As a society, at least in the United States, we mostly feel uncomfortable talking about money.
Wellllllllllllllllllllllllll ….. I’ve decided I no longer want to support that. There’s an amazing book, “Where We Stand: Class Matters” which I read in one of my graduate classes. The author, bell hooks, seeks to raise awareness that where disparity exists is economical. I completely get her point, and join it.
I grew up in a traditional 60s/70s “upper middle class” home with many education privileges that neither of my parents had, both growing up “poor” homes in the 20s/30s. I have 18 years of Catholic education. I spent most of the 80s at one of the top ten ad agencies in the world, working on two of the top five brands in the world. Then, when I was 29, life and health issues changed what seemed to be the obvious course of my life.
Nowadays, my financial focus in my life is to become economically-independent of anyone and anything else including my husband, family, SS Disability, anything that which fills my soul.
I’ve spent my entire life helping other people build businesses for themselves, refer business to people, etc. never being compensated for this, short of any strategic, consulting advice I may have provided. I’ve spent decades helping others, individuals, companies, non-profits with networking, funding suggestions, etc. During the response to Hurricanes Katrina and Rita, as an individual, I’m probably responsible for raising over half a million dollars worth of support for various organizations and individuals.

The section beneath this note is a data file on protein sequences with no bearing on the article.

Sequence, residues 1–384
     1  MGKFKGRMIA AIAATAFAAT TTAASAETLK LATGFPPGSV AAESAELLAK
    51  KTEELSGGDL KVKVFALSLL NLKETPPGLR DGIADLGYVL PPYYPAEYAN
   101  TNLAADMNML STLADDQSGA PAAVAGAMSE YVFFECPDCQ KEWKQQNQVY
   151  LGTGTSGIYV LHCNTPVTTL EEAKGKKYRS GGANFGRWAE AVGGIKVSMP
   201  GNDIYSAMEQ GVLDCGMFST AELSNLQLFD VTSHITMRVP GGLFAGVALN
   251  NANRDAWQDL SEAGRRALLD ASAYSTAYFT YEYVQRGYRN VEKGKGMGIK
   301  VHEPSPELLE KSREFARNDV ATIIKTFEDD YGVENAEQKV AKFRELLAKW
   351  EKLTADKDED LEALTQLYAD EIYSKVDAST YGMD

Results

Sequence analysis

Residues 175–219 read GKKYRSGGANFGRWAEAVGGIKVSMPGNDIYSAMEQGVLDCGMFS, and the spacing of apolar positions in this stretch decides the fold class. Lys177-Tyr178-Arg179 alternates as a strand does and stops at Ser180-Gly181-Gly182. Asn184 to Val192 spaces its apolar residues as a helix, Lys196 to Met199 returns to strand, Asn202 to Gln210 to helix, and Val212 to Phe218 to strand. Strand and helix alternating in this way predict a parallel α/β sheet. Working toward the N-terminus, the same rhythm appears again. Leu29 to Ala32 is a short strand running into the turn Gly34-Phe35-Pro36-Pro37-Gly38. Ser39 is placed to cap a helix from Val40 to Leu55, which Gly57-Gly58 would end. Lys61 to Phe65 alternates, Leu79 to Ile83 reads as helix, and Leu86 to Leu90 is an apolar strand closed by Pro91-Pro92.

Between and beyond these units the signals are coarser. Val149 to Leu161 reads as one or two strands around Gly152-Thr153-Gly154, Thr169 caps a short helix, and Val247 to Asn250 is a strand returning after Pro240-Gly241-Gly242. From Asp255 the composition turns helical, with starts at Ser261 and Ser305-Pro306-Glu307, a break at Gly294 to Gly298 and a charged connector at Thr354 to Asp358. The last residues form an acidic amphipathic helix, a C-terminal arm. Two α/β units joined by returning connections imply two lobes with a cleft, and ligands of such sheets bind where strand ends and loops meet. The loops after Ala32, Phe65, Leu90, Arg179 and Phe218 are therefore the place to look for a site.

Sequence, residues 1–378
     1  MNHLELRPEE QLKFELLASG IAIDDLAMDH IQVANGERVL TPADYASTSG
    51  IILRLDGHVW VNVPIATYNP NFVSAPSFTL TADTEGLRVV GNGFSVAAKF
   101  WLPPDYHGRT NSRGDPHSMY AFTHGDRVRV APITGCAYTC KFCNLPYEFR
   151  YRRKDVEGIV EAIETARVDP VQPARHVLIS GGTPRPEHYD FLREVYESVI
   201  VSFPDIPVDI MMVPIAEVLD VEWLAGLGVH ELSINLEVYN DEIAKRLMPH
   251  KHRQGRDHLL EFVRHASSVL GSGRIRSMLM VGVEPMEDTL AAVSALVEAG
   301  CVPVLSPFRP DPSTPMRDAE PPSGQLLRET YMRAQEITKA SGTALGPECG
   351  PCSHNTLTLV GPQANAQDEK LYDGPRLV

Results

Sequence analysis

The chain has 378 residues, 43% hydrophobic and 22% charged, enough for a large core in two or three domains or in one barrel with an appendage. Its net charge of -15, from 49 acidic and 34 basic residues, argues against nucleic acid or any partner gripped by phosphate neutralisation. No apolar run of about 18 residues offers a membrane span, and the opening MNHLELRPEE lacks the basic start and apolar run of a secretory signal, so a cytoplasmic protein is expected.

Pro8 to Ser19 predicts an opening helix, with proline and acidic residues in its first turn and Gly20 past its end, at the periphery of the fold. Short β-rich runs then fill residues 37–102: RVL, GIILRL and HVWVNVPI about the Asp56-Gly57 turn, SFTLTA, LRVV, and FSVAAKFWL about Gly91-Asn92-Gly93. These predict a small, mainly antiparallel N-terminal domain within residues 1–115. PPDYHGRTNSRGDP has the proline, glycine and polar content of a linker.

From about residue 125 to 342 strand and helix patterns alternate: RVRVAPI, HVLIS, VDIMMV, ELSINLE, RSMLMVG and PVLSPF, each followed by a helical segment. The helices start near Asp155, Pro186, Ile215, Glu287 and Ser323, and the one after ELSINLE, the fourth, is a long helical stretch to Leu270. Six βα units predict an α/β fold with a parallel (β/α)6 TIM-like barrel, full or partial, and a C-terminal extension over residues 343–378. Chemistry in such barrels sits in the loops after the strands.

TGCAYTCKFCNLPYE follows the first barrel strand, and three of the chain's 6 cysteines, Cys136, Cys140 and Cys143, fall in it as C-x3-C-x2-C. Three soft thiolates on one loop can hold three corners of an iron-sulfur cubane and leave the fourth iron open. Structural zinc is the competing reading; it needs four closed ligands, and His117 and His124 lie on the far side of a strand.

FINALLY, a lightbulb went off …. I can help others more if I’m not always struggling for money myself. If I could identify a residual stream(s) of income, then I could support myself comfortably AND continue to help others.
I ONLY recommend a product or service if I’m comfortable with the product or service as well as the people behind what’s been offering. As much as I can, I do due diligence about the company and/or people, and I trust my gut.
If you’d like to